By singling out Santiago and 10 other men on death row for harsher penalties, Rademacher argued that Connecticut's repeal of capital punishment violates Santiago's federal equal protection guarantees.

Senior Assistant State's Attorney Harry Weller argued in support of the new law, saying prospective repeal was the legislature's intent. He said it is constitutional and argued against the justices ruling on just part of the law. If the effective date of the law is found unconstitutional, the law must be struck in its entirety, he said.

Weller said he saw two outcomes to Tuesday's arguments, "and neither of them get the defendant what he wants." The first outcome, he said, would be to affirm the constitutionality of the new law. The second outcome would be a ruling that the new law is unconstitutional.

"But if you do that, the entire act is unconstitutional," Weller said. "This defendant remains subject to the death penalty and the death penalty remains in place."

State: Issue Best Left To Legislature

Weller said the state's highest court has always deferred to the legislature in regard to decisions about Connecticut's death penalty.

"This is quintessentially a legislative judgment, a judgment made by the people of the state of Connecticut, not this court," Weller said. "This is a major policy issue, this is a political issue ... this is subject to the debate across the street [at the Capitol], contributed to by the people of the state of Connecticut — that's where the policy is made on this, not in this court."

Weller said the state's highest court in the past has said, "unless the legislature is far off the mark, this court is powerless to act."

Weller said the repeal is not arbitrary and that those on death row have been prosecuted under due process of law and sentenced under "the most protected and probably the best capital statute in the entire country."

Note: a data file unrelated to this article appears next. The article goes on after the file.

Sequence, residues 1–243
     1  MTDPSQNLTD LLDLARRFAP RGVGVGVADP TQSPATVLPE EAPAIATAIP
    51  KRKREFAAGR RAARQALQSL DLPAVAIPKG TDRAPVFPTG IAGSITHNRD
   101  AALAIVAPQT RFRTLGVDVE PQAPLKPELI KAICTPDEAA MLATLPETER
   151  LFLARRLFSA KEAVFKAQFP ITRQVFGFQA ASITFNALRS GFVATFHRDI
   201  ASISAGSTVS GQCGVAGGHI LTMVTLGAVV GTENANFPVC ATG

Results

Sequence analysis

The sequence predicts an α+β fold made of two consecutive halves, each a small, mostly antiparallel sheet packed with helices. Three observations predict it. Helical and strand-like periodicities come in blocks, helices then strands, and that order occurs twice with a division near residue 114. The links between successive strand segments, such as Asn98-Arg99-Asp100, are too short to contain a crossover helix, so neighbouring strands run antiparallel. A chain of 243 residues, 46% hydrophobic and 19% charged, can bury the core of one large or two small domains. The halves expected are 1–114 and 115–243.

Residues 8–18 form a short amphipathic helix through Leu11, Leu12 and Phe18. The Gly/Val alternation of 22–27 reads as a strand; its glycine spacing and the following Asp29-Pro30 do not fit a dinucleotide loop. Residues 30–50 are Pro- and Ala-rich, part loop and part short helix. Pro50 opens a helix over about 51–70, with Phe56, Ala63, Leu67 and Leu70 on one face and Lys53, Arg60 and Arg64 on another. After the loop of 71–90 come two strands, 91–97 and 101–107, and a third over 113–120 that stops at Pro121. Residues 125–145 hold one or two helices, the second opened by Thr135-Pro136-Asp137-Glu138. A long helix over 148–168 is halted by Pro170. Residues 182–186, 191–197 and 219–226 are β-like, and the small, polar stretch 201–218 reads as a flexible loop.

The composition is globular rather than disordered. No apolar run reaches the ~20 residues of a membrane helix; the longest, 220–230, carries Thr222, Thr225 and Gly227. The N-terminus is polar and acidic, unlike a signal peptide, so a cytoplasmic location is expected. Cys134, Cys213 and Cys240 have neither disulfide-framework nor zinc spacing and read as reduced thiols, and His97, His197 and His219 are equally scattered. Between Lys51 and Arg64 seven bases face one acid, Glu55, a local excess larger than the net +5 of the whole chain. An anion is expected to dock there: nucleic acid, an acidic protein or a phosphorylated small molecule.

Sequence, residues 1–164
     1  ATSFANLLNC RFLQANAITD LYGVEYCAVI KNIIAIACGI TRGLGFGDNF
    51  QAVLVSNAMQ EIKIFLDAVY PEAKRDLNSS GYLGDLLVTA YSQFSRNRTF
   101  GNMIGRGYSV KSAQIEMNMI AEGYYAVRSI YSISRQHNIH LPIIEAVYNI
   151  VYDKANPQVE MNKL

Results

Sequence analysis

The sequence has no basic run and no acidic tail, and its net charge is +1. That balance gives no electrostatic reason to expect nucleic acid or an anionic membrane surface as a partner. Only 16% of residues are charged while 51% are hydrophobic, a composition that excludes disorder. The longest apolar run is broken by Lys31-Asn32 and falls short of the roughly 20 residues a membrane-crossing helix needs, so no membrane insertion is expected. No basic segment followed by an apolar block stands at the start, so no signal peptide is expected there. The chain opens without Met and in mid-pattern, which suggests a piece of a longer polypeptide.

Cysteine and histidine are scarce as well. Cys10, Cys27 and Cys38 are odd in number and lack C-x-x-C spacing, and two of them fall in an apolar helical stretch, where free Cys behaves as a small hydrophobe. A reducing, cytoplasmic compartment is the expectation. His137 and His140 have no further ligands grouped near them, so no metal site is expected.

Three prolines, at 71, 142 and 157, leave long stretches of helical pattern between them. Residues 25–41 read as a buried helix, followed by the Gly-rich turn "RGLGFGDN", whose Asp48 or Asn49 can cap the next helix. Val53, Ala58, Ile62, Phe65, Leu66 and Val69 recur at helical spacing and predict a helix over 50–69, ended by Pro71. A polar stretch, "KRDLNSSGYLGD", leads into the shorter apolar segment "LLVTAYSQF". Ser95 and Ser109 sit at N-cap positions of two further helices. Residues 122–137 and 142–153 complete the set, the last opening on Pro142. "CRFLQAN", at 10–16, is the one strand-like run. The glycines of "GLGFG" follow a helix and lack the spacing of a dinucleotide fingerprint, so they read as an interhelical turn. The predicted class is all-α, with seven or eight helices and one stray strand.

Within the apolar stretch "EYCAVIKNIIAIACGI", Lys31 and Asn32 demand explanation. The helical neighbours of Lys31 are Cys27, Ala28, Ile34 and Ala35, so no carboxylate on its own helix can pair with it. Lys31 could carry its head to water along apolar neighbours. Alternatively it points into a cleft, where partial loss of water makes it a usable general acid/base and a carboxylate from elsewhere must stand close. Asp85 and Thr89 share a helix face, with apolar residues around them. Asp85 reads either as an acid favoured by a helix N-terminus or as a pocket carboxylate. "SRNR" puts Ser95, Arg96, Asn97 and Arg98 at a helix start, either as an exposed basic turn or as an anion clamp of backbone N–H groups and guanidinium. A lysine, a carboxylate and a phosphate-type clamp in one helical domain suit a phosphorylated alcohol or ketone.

For the men currently on death row, Weller said, "the level of culpability is higher because at the time the crime was committed, there was a statement from the people of the state that the death penalty is the penalty of choice under certain circumstances."

In closing, Weller urged the justices to "validate the statute and allow the statute to act the way the legislature intended it to."

Former state Rep. Michael Lawlor, who served as House chairman of the judiciary committee and once worked as a state prosecutor, said Tuesday he does not expect the justices to find the repeal unconstitutional.

"If the Supreme Court ruled that way, it would be a first," Lawlor said. "No one is expecting that to happen."

Lawlor said it is not unusual for lawmakers to reduce penalties for crimes. Though several states, including Illinois and New Jersey, have repealed capital punishment in recent years, those states have not executed any inmates, Lawlor said.

Lawlor noted that the last person to be executed in Connecticut was serial killer Michael Ross, and it occurred in 2005 only after Ross waged a legal fight to end his appeals and to have the sentence imposed. Before Ross, the last execution in Connecticut was in 1960, when the state electrocuted Joseph "Mad Dog" Taborsky for murdering six people during a robbery spree.

"No matter what the Supreme Court does, it seems unlikely anyone will be executed any time soon," Lawlor said.